Illinois governor arrested on corruption charges
Tuesday, Dec 09, 2008 6:50PM UTC
By Michael Conlon and Andrew Stern
CHICAGO (Reuters) - Illinois Gov. Rod Blagojevich was arrested on Tuesday on corruption charges, including that he tried to sell the U.S. Senate seat vacated by fellow Democrat and President-elect Barack Obama.
Prosecutors also said the governor tried to muscle the Chicago Tribune into firing editorial writers who were critical of him.
While Obama has long distanced himself from the governor of his home state -- who has been under investigation on other issues for years -- Blagojevich's arrest was likely to be an embarrassment to the president-elect.
The case shines a light once again on old-style corruption in the Chicago political caldron from which Obama emerged.
"The breadth of corruption laid out in these charges is staggering," U.S. Attorney Patrick Fitzgerald, the federal prosecutor, said in a statement.
It was enough to make Abraham Lincoln "roll over in his grave," Fitzgerald later told reporters, adding the arrest of Blagojevich was made because he wanted to stop a "crime spree."
In Illinois, the governor selects a successor when there is a mid-term vacancy in the U.S. Senate. Obama, who takes office on January 20, resigned from the Senate soon after winning the November 4 presidential election.
How the case might affect his Senate replacement was unclear. There were immediate calls from both Republicans and Democrats in Illinois that Blagojevich resign, allowing the lieutenant governor, also a Democrat, to step in. Under state law, Blagojevich could still make the appointment even if later indicted.
But federal prosecutors said they moved against the governor before he could make the Senate choice.
Neither Blagojevich or his office issued a statement after the charges were revealed. The governor and a senior aide were taken into custody at their Chicago homes. Blagojevich was due in court later on Tuesday.
Federal prosecutors said Obama was not implicated.
"I should make clear the complaint makes no allegations about the president-elect whatsoever," Fitzgerald said.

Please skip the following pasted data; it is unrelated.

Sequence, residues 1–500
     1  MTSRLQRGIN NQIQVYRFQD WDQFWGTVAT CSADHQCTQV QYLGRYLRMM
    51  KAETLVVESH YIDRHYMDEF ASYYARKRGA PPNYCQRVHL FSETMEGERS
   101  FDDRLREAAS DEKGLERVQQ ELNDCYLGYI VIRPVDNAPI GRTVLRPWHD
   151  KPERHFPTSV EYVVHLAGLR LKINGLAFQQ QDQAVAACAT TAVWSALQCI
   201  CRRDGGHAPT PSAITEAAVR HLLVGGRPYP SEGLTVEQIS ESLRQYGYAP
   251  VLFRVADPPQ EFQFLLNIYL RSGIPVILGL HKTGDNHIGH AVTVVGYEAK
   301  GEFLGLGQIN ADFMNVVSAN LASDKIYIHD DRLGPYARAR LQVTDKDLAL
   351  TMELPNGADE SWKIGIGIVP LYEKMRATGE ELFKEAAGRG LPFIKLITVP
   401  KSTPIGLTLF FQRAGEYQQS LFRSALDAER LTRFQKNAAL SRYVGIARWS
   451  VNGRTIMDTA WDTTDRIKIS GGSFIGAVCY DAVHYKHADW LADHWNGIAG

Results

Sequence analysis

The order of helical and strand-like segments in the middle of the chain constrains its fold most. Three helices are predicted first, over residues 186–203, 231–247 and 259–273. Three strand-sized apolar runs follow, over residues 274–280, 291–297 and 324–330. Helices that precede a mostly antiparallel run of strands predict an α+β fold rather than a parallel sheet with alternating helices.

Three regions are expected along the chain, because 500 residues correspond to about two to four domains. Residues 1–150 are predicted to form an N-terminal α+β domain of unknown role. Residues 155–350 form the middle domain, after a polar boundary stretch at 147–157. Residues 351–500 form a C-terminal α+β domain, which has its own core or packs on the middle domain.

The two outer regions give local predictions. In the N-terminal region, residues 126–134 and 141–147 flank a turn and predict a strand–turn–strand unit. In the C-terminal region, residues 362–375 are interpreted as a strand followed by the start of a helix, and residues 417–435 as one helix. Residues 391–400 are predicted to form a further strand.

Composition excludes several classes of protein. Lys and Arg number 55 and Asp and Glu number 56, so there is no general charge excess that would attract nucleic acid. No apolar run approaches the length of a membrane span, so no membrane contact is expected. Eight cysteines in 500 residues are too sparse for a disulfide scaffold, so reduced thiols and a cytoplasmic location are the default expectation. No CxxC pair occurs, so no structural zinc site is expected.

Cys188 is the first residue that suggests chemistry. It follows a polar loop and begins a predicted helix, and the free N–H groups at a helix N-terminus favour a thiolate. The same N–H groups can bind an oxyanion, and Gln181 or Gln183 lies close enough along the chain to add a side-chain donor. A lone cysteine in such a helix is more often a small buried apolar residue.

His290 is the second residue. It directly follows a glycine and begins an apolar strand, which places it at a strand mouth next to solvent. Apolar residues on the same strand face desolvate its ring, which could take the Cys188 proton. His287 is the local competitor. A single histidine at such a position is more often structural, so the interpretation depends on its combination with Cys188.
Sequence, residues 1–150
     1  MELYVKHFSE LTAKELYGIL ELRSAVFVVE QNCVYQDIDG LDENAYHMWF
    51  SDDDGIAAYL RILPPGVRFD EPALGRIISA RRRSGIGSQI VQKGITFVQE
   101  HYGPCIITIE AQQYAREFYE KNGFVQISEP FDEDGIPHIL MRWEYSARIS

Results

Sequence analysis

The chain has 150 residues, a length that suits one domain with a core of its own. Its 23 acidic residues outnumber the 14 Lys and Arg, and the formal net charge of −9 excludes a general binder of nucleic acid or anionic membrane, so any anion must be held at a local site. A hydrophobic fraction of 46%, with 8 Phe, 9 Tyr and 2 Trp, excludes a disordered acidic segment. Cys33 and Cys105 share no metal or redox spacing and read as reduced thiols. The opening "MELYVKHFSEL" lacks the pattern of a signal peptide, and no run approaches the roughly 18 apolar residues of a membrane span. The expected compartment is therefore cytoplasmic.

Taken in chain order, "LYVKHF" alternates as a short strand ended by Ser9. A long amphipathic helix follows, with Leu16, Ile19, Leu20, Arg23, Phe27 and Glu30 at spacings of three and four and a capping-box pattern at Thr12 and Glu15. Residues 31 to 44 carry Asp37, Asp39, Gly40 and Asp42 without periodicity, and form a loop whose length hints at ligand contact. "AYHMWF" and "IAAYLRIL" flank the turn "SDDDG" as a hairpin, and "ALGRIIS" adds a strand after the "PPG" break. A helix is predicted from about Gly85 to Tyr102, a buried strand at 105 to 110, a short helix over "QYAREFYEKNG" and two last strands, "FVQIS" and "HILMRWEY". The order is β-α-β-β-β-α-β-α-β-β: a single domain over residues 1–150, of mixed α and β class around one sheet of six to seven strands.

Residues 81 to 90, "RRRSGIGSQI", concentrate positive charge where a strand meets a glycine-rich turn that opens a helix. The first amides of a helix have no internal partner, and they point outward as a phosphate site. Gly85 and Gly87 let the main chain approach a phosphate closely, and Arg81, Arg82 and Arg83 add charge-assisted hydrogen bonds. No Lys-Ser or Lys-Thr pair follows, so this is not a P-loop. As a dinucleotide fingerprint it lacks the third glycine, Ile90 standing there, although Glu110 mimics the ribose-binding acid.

Obama aides would not immediately comment on the charges against the governor, but said the Obama transition office would be issuing a statement.
"FOR SALE" SIGN
The 51-year-old Blagojevich and his chief of staff, John Harris, were each charged in a federal complaint with conspiracy to commit mail and wire fraud, and a second count of solicitation of bribery.
In his statement, Fitzgerald said the charges "allege that Blagojevich put a 'for sale' sign on the naming of a United States senator; involved himself personally in pay-to-play schemes with the urgency of a salesman meeting his annual sales target; and corruptly used his office in an effort to trample editorial voices of criticism."
Blagojevich was accused of threatening to withhold state assistance to the Tribune Company in connection with the sale of the Chicago Cubs' baseball home, Wrigley Field, in order "to induce the firing of Chicago Tribune editorial board members sharply critical" of him, Fitzgerald said.
Blagojevich allegedly was caught on court-authorized wiretaps during the last month.
He was seeking a "substantial" salary for himself at a nonprofit foundation or union affiliated organization, a spot on a corporate board for his wife, promises of campaign cash, as well as a cabinet post or ambassadorship in exchange for his Senate choice, an FBI affidavit said.
Even though it was unclear what would happen now to the selection of a successor to Obama in the Senate, the spot would be certain to go to a Democrat. Democrats, with independent allies, will hold at least 58 seats in the 100-seat Senate when the new Congress convenes in early January. A Minnesota Senate seat is still undecided.
Blagojevich, in his second term, is the latest in a string of Illinois governors to run afoul of the law. His immediate predecessor, George Ryan, is in jail following a federal corruption conviction.
HEFTY PRISON TERM POSSIBLE
If Blagojevich is convicted, each mail and wire fraud charge carries a maximum sentence of 20 years in prison while each bribery charge carries a maximum sentence of 10 years in prison. Each count carries a maximum fine of $250,000.
Blagojevich was elected to the Illinois state House in 1992 and later won a seat in the U.S. Congress that had been held by another politician who ran afoul of the law, Dan Rostenkowski.
He became Illinois' first Democratic governor in nearly 30 years when he replaced Ryan in 2003, on a platform of reform. But his popularity has descended to an all-time low after wrangles with fellow Democrats in the state legislature, some of whom had threatened him with impeachment.
(Reporting by Michael Conlon and James Vicini, Kyle Peterson and Karen Pierog in Chicago, Editing by Jackie Frank and Frances Kerry)